I’m working with a fantastic wedding cake maker at the moment. She has recently won “wedding cake designer of the year“ in the Kent wedding awards. We’ll include the logo on her home page but the about page is a chance to explain it a bit more. This award is a big deal. In part because it is judged by other wedding cake makers from outside the county – something I didn’t know until Deborah explained it to me.
Testimonials are another way to show your authority. This is other people saying what a great job you do. Again it is reinforcing their belief in you.
5. Write as if you’re talking to your target audience
Just like the rest of your website, you should write your About Page as if you’re talking directly to your target audience. None of this “Marie Brown this and Marie Brown that”, unless your target audience is corporates – and I mean corporate corporates like accountants, law firms and FTSE companies not your local sandwich shop.
Use the kind of language they use. I plan to do another episode on how to write the copy for your website
But use your “target audience voice”. I don’t mean the posh one you use on the phone (I swear I don’t do this but my children insist I do!). I mean the one you would use if your ideal client was sat in front of you.
I talk to my kids differently to the way I might talk to my girl friends over a glass of wine or the Queen – ok I’ve never met the Queen but if I did I don’t think I’d talk to her the way I talk to my girl friends over wine or my kids. I’d probably leave out a few details that might not impress her but would have my friends chortling at my mishaps.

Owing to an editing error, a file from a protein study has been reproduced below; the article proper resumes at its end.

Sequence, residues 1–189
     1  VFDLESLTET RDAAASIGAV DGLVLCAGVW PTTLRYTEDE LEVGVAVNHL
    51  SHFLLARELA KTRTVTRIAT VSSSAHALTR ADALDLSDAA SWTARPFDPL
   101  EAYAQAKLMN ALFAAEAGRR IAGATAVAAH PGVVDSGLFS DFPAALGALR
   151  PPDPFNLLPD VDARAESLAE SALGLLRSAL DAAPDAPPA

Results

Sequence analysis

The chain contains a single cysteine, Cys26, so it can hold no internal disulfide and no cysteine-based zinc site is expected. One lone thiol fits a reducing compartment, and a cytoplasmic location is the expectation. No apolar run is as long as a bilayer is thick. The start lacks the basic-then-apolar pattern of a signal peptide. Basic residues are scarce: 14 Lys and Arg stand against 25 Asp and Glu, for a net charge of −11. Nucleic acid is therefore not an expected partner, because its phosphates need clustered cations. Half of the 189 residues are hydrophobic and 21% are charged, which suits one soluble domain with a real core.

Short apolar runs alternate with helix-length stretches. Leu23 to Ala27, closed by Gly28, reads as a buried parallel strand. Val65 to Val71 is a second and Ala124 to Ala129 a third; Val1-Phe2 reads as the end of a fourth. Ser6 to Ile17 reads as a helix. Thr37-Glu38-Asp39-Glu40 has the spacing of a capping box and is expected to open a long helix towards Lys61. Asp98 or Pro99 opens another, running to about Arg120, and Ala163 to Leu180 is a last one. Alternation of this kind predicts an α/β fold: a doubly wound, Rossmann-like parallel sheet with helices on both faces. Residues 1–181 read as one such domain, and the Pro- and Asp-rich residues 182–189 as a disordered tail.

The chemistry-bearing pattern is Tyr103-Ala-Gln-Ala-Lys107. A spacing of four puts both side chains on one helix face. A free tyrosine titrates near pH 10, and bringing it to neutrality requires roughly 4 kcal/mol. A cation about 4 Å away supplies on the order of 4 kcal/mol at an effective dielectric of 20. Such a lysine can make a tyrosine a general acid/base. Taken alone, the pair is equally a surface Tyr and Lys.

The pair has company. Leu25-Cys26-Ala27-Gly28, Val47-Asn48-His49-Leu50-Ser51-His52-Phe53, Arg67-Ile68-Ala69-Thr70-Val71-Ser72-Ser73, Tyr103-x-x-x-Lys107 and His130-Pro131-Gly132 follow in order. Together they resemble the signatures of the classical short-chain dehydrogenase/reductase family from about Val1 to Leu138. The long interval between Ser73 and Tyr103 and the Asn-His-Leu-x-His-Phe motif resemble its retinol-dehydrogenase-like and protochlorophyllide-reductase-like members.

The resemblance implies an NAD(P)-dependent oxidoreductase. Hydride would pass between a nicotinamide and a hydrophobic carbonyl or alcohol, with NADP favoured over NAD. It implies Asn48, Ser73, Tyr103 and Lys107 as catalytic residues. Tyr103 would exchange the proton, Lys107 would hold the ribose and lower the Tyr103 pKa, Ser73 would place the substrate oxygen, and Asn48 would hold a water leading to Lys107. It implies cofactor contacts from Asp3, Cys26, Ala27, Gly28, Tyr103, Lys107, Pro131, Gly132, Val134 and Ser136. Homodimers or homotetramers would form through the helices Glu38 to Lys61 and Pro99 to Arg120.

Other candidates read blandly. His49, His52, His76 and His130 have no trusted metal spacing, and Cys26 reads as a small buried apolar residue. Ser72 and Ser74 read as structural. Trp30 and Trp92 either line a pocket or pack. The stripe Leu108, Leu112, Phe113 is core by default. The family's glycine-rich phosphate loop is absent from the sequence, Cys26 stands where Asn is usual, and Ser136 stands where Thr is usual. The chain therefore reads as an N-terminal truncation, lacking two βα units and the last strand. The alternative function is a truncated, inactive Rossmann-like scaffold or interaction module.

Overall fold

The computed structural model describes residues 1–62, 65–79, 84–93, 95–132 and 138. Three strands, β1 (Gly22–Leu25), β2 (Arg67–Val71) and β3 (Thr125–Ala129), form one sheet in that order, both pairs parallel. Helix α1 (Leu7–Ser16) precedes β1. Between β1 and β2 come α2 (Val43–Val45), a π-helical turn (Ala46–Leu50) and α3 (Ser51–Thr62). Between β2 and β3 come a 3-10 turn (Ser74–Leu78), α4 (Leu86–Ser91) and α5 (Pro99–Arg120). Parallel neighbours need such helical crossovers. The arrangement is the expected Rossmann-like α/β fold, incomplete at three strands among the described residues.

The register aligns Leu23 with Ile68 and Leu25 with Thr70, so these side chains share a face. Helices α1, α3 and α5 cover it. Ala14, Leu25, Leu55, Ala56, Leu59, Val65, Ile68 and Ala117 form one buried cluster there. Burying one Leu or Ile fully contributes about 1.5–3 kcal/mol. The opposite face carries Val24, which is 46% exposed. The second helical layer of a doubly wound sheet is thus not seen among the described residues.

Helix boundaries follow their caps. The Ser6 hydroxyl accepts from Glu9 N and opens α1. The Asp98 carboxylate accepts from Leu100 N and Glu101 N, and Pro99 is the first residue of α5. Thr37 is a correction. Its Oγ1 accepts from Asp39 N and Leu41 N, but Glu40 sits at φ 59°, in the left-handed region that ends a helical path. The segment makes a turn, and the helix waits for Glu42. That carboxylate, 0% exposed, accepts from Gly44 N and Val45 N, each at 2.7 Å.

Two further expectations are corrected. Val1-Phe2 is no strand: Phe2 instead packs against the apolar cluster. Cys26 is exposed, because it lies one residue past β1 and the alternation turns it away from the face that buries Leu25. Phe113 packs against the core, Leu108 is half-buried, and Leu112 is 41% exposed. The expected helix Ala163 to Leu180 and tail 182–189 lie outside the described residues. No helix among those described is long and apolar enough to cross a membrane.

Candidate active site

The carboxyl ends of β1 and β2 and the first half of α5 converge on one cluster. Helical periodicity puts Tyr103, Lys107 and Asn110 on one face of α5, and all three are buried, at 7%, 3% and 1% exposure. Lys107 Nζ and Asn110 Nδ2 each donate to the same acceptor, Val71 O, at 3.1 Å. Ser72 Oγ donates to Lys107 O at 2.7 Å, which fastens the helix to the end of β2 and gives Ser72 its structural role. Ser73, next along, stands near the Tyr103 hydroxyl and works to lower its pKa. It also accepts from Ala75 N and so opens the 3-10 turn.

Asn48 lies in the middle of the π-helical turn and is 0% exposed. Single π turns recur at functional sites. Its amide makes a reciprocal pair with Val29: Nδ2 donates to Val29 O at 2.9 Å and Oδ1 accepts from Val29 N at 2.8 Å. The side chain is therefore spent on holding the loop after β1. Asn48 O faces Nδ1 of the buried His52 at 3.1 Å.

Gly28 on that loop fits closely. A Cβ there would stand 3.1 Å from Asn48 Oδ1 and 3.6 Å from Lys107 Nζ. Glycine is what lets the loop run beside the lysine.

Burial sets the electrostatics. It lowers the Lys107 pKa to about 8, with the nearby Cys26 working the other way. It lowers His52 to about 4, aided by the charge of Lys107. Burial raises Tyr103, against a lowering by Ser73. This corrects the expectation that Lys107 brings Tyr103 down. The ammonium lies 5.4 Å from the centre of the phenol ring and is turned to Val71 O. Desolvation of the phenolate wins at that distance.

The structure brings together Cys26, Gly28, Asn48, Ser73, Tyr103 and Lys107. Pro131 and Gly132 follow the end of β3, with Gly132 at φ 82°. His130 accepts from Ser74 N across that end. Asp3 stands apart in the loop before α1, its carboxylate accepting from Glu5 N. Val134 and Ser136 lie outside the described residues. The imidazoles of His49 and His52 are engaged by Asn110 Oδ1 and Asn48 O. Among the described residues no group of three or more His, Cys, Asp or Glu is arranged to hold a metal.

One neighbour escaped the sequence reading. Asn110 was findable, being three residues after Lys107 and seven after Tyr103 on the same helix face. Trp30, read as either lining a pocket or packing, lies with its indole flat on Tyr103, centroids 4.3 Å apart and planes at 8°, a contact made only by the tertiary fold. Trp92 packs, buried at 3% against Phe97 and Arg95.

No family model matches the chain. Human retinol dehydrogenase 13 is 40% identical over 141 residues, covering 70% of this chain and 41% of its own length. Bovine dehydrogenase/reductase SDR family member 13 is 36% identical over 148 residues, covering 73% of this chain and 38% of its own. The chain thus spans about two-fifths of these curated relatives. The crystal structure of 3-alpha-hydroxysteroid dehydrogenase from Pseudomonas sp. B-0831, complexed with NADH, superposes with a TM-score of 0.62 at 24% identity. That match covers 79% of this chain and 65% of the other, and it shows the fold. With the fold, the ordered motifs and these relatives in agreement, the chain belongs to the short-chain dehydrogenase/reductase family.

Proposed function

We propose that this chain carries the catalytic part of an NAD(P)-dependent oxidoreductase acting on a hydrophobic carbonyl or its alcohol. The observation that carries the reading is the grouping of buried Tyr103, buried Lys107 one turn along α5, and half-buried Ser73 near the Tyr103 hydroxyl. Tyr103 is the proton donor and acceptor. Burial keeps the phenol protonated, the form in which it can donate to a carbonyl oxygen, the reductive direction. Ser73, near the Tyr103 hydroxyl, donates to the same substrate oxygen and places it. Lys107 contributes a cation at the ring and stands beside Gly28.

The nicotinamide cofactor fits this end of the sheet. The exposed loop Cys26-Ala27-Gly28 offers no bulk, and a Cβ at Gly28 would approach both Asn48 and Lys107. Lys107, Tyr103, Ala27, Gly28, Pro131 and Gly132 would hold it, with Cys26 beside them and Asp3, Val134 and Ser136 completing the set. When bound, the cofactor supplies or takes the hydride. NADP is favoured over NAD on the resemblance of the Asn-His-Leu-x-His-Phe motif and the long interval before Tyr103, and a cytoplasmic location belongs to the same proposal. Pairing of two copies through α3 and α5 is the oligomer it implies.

In fact I often suggest to clients that they talk and record themselves. Pretend you have your Ideal Client sat in front of you and explain whatever it is you’re writing about. That recording is a good first draft which just needs the umms and the sos removing and a bit of polishing up.
And please never talk in jargon unless your audience will understand it. Few people are impressed by people talking above them.
6. Use stories
Use stories to demonstrate the point you are making. Stories are INTERESTING. You can use humour. Show vulnerability (people don’t want perfection – they want to see you understand their struggles). Show you are a human being. Just like they are. Your story will be different to theirs but there will be similarities that they can relate to.
The thing about stories is it makes people read more. It draws them in. They can get to know you more. And that is a good thing.
7. Use images to good effect
The last tip is to use images. Your audience want to see you. If you’re that weight loss coach they absolutely want to see the before and after. If you talk about your dog, or cat, or horse or whatever then try to include an image of you with them.
Images tell the story too. It’s hard to trust someone if you don’t know what they look like. No-one is noticing that your nose isn’t straight or you’re a few pounds heavier than you’d like to be. Just smile!
Writing your About page doesn’t need to be difficult. You just need to think about it as the “why you” page and write as if you’re talking to one of your Ideal Clients.
Think about what you have in common, why they might choose to work with you and show your authority by talking about your experience, qualifications and relevant press coverage. Then use stories and images to make this a more interesting read.
It really does make the difference in establishing the “know, like and trust” factor which is so important.